Wall Street advanced on Wednesday, with the Dow Jones Industrial Average surging to a record, after the Federal Reserve said the economy is gaining momentum as it announced another cut to its massive bond-buying programme.
The Dow Jones rose 45 points or 0.27%, to 16,581, a record high close. It was the first record close of the year for the Dow. The S&P 500 gained six points or 0.3%, to 1,884 and the Nasdaq Composite added 11 points or 0.27%, to 4,115.
Investors shrugged off a data showing weak first-quarter economic growth, which was tied to the severe winter that hampered exports and hit investment spending. US gross domestic product grew at a 0.1% annualised rate from January through March, compared with a 2.6% gain in the prior quarter. Exports dropped and inventories climbed at a slower pace. Consumer spending on services rose by the most in 14 years.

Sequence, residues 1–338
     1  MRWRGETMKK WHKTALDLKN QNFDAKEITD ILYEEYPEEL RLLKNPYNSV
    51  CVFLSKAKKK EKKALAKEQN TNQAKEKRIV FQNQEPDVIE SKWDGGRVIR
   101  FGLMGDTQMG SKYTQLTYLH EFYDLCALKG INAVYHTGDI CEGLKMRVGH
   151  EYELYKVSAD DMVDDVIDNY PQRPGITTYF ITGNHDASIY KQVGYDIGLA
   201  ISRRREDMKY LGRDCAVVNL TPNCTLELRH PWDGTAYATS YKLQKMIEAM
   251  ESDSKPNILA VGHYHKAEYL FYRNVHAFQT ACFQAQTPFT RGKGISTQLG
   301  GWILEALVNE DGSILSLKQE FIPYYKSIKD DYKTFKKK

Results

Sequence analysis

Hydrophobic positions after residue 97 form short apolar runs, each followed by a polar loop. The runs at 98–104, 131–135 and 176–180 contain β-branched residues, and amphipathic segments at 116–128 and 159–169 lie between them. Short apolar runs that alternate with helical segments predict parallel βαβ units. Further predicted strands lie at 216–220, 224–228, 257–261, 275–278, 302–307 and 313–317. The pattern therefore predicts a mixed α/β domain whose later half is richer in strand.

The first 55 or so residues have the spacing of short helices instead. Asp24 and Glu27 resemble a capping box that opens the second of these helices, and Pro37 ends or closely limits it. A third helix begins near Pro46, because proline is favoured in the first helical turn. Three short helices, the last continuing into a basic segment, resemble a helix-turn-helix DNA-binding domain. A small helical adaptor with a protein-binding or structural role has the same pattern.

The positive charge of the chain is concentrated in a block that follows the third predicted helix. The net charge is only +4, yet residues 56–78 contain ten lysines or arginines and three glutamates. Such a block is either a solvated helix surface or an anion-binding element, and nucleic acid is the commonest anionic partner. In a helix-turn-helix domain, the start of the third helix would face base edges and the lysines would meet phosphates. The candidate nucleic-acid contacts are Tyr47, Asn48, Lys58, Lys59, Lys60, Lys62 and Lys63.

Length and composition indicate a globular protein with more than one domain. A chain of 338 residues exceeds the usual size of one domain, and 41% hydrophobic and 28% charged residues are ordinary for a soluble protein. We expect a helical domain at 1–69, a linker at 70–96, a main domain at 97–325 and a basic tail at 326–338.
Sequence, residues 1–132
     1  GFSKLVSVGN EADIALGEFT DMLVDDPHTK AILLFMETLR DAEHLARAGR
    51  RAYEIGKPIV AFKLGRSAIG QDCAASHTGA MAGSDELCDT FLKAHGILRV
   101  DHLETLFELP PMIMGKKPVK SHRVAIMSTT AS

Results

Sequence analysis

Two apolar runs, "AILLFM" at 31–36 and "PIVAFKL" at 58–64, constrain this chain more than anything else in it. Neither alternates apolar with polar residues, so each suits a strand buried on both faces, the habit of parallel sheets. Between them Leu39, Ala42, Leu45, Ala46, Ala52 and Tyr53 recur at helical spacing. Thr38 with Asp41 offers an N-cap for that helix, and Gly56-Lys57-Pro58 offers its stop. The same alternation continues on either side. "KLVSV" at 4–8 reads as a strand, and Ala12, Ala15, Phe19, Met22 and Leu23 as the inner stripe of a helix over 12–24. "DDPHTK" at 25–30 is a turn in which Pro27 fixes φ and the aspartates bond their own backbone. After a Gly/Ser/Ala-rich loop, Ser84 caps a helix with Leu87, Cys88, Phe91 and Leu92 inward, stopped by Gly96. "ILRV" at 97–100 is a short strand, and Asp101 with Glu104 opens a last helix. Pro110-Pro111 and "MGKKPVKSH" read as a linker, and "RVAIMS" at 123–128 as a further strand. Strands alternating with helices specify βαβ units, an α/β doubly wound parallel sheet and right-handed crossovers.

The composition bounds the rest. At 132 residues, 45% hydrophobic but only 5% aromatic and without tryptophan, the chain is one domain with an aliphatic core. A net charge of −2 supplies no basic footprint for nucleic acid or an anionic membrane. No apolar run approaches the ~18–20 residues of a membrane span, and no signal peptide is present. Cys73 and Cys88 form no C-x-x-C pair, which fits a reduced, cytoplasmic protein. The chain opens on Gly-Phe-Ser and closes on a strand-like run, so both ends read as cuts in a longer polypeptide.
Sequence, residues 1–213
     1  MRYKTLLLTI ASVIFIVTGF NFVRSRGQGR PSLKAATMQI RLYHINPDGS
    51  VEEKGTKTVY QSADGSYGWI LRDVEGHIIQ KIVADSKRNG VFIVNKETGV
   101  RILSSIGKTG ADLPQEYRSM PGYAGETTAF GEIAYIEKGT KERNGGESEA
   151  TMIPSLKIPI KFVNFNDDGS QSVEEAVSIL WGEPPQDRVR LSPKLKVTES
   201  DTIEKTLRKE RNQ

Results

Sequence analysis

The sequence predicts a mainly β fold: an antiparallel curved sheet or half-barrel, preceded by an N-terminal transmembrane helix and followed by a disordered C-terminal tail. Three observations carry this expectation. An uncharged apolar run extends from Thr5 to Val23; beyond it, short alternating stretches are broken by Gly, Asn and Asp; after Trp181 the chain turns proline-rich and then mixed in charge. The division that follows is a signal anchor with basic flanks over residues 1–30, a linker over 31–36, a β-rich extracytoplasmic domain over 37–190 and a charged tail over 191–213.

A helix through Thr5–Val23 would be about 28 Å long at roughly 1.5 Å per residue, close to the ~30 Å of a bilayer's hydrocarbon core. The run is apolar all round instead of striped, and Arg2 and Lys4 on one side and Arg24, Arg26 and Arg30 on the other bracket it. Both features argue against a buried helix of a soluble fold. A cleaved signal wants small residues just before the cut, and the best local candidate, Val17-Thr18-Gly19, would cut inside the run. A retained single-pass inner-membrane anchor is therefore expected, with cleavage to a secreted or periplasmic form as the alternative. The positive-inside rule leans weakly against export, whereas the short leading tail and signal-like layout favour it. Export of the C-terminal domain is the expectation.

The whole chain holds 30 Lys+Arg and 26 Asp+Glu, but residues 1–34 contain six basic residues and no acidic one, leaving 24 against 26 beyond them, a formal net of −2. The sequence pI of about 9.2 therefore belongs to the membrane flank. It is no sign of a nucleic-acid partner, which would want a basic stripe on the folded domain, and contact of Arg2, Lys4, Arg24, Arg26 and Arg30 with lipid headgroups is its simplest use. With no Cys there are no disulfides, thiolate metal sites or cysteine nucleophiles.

The Fed said in a statement it would reduce its monthly bond purchases to $45 billion from $55 billion, as expected. That will keep it on track to end the programme as soon as October.
In company news, Pepco Holdings Inc. climbed 17% after Exelon Corp. agreed to buy it and Twitter Inc. (TWTR) dropped 8.6% after saying user growth slowed. EBay Inc. (EBAY) fell 5% as the biggest online marketplace forecast sales that trailed some analysts’ estimates. Exxon Mobil (XOM.N), up 0.9%, led gains on the S&P 500.
After the bell, shares of Yelp Inc (YELP.N), the operator of consumer review website Yelp.com, rose 4% as it reported a 66% rise in quarterly revenue.
The S&P commodities gauge had its worst day since 1 April. Nickel jumped 15% in April, the most since September 2012, on concern tensions between Russia and Ukraine will curb supply.
Arabica coffee touched a 26-month high last month as a drought in Brazil ravaged the crop. West Texas Intermediate crude prices dropped 1.8% in April, the most in five months.
In Asia, shares suffered on Thursday in late morning trade as data on China's vast manufacturing sector just missed forecasts, with holidays across much of the region muffling the impact.
Japan's Nikkei was up 0.4%, while Australian shares eased 0.4%. MSCI's broadest index of Asia-Pacific shares outside Japan barely budged.